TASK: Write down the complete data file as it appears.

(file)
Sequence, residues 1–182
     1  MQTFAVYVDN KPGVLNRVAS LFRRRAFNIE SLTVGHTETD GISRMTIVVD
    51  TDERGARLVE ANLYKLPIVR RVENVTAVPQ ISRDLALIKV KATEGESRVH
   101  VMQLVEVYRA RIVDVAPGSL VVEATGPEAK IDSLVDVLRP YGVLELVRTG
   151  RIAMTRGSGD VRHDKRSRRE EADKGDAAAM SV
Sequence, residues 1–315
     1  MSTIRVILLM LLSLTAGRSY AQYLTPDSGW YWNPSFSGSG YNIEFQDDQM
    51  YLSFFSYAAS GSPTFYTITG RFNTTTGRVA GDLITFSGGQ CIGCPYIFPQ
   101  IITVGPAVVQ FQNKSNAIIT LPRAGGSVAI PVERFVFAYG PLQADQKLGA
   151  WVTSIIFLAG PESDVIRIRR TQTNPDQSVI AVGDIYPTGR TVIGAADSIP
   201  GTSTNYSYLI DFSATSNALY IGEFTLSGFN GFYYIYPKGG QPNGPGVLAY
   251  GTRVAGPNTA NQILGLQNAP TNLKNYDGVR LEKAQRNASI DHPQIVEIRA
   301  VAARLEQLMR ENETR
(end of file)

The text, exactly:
Sequence, residues 1–182
     1  MQTFAVYVDN KPGVLNRVAS LFRRRAFNIE SLTVGHTETD GISRMTIVVD
    51  TDERGARLVE ANLYKLPIVR RVENVTAVPQ ISRDLALIKV KATEGESRVH
   101  VMQLVEVYRA RIVDVAPGSL VVEATGPEAK IDSLVDVLRP YGVLELVRTG
   151  RIAMTRGSGD VRHDKRSRRE EADKGDAAAM SV
Sequence, residues 1–315
     1  MSTIRVILLM LLSLTAGRSY AQYLTPDSGW YWNPSFSGSG YNIEFQDDQM
    51  YLSFFSYAAS GSPTFYTITG RFNTTTGRVA GDLITFSGGQ CIGCPYIFPQ
   101  IITVGPAVVQ FQNKSNAIIT LPRAGGSVAI PVERFVFAYG PLQADQKLGA
   151  WVTSIIFLAG PESDVIRIRR TQTNPDQSVI AVGDIYPTGR TVIGAADSIP
   201  GTSTNYSYLI DFSATSNALY IGEFTLSGFN GFYYIYPKGG QPNGPGVLAY
   251  GTRVAGPNTA NQILGLQNAP TNLKNYDGVR LEKAQRNASI DHPQIVEIRA
   301  VAARLEQLMR ENETR